Plus ça change, in the Caucasus and Iraq

It’s that time of year again, when classes have started and professors have resumed their occasional dispensation of blog-worthy anecdotes. Today’s contribution to the venerable tradition of “Guess what?!” posting (as in, “Guess what thing I heard today that maybe you would also like to hear?”) comes to us from the arid eastern shores of the Caspian Sea where, in 1716, Prince Alexander Bekovich-Cherkassky found himself in command of a Russian expedition sent to probe deep into the hinterland of what is modern-day Turkmenistan. Reliant on erroneous cartography and the fabricated testimony of a foreigner with ulterior motives, the Russians believed the great dry riverbed of the Uzboy to be the result of nefarious damming further upstream – remove the dam and the water would once again flow, providing whoever controlled access to the river with an easily-navigable route to India (Russian mappers do not appear to have been aware that India is separated from the Caspian littoral by, among other things, the Himalayas). Alas, Prince Bekovic-Cherkassky’s expeditionary force was brutally obliterated by the forces of a local khan, and Russia never did succeed in establishing a land route to India.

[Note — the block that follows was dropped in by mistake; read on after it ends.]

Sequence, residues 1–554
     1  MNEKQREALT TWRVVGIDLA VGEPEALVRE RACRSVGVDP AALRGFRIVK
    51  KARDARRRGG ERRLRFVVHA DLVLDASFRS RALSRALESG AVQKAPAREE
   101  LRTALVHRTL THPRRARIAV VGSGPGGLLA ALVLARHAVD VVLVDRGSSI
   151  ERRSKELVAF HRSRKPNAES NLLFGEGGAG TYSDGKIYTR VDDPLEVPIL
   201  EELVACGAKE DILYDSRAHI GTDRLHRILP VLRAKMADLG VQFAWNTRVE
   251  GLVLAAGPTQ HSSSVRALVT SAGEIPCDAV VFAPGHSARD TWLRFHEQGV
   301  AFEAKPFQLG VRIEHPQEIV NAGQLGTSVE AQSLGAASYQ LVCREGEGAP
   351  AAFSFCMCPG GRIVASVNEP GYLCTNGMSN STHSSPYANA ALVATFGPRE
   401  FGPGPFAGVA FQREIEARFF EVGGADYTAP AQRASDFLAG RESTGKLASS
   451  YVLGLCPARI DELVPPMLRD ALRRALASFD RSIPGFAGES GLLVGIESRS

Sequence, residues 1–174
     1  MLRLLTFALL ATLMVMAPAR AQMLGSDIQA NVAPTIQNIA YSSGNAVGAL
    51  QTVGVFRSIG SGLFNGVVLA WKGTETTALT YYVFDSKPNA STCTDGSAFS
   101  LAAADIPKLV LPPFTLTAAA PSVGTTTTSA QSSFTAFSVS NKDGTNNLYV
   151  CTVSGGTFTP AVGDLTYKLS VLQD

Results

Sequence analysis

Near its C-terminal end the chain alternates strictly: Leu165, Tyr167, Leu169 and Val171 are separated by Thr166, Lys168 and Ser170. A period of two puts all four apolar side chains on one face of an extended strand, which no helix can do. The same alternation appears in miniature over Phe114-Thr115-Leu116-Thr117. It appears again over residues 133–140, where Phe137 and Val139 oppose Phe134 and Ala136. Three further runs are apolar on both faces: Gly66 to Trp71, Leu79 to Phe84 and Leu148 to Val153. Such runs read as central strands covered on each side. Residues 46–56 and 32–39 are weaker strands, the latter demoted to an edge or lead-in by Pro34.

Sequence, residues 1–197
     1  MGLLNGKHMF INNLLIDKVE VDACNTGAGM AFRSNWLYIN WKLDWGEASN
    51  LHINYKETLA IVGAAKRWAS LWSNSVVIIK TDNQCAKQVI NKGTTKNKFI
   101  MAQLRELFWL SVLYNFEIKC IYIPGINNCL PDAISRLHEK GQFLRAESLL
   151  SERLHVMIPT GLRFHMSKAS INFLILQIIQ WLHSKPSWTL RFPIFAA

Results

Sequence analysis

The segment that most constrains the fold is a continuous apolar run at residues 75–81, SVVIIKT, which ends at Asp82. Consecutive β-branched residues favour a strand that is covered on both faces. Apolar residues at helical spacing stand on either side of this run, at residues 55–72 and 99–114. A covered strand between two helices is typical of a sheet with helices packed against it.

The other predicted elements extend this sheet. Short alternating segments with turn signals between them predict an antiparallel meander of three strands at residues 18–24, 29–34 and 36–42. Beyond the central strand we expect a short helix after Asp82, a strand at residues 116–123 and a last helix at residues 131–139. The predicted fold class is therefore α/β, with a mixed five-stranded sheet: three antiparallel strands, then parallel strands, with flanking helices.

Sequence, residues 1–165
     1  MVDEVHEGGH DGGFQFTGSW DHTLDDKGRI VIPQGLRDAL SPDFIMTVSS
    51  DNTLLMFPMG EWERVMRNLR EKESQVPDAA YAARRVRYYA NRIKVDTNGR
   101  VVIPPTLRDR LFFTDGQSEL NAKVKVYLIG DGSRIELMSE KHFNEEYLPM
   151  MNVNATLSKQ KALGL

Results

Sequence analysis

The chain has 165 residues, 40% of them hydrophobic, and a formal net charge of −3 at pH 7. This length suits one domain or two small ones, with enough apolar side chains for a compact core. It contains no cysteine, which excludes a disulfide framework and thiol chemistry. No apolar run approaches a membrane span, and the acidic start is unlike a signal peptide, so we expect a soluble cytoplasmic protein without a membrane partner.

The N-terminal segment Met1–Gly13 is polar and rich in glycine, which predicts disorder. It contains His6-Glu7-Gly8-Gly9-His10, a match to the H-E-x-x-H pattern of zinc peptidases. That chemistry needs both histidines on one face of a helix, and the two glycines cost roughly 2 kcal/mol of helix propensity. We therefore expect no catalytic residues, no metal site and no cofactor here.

The story is astonishing for many reasons (is it really the case that literally centuries of Russian/Soviet foreign policy has stemmed in part from the fact that they didn’t know about the Himalayas?), chief among them its similarity to the narrative of America’s eventual involvement in Iraq. Faulty intelligence combined with the self-serving and false assertions of a foreign informant to convince a large and powerful state of the usefulness of a particular course of action, only to see everything go horribly wrong and have lasting implications for the conduct of its future policy.  I’m not sure there’s a larger point to be made here, but on a night when President Obama has announced an air campaign that will have us bombing targets in Iraq for the fourth time since 1990 and the New York Times has dug up this from its archives, it’s hard to avoid feeling like there really is nothing new under the sun.